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The Chicago Tribune reports that several of the city's retailers "preparing for the citywide ban on the thin plastic bags bemoaned for cluttering landfills and littering parks, streets and waterways said they plan to offer customers reusable plastic bags that comply with the city ordinance, and don't plan to charge a fee."

Environmentalists are not happy.

Walmart, for example, "has been testing its new ordinance-compliant plastic bags at two of its Chicago stores, and plans to roll them out to its 12 city locations by the end of June. The response so far has been positive, the company said."

And at Target, "shoppers will be given reusable plastic bags at checkout and the company does not plan to charge a fee, a spokeswoman said. To promote reuse, Target will continue giving a 5-cent discount for every reusable bag shoppers use at its stores, as it has done since 2009."

And at Jewel, "which goes through about 6,000 plastic bags daily in a typical store, shoppers will be able to choose between paper and a new reusable plastic bag at no extra charge. Those bags are a bit smaller than the reusable plastic bags currently available for purchase at Jewel for 10 cents."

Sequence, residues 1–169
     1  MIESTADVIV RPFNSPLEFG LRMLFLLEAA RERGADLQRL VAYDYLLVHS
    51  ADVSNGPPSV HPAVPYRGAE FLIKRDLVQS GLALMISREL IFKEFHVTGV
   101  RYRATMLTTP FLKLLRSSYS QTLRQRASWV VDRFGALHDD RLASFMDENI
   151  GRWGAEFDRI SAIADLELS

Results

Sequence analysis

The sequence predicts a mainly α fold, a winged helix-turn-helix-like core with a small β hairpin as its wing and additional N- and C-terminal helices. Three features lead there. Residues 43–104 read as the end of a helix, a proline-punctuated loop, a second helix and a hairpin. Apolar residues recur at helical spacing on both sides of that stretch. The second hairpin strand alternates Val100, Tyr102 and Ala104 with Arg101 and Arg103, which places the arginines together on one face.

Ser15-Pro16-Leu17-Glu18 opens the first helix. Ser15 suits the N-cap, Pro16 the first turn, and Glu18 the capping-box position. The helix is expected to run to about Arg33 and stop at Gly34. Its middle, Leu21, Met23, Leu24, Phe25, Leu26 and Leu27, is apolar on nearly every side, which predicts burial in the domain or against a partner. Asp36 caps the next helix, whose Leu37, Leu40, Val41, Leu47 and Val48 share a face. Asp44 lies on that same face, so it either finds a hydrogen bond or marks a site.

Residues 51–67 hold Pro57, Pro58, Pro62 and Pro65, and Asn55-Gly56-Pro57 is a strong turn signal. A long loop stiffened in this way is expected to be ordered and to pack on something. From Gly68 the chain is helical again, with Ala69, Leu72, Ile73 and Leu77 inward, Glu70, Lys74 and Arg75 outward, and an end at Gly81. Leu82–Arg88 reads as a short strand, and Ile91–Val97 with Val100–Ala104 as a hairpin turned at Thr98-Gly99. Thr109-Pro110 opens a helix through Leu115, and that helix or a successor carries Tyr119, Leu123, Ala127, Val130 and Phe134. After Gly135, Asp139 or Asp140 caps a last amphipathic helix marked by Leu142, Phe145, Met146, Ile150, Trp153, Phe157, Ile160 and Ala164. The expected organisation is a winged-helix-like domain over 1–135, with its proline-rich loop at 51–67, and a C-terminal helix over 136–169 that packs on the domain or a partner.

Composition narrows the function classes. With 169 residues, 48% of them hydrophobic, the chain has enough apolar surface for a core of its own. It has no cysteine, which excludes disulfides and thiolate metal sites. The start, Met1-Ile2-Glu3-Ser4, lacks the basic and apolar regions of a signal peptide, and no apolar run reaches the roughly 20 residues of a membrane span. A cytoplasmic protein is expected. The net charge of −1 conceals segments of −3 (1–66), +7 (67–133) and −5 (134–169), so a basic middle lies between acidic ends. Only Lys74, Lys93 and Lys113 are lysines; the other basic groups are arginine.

Some environmentalists say that these moves by retailers defeat the purpose of the ordinance, which they hoped would cut back on the number of bags going into landfills. Just making the bags sturdier to meet the letter of the law defeats the purpose, they believe, and the next step will be pushing for stricter rules that would require a fee paid by the shopper for every bag used.
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